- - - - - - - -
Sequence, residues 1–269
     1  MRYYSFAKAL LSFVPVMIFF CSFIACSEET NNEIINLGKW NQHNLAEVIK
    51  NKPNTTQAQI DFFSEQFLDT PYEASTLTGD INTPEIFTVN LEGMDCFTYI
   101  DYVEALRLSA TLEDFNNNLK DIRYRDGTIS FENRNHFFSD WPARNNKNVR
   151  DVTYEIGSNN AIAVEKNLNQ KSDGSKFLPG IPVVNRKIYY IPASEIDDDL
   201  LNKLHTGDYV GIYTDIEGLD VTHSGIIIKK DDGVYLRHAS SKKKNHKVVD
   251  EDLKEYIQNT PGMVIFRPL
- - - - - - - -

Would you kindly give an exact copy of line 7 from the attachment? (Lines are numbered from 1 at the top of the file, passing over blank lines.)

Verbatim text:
   251  EDLKEYIQNT PGMVIFRPL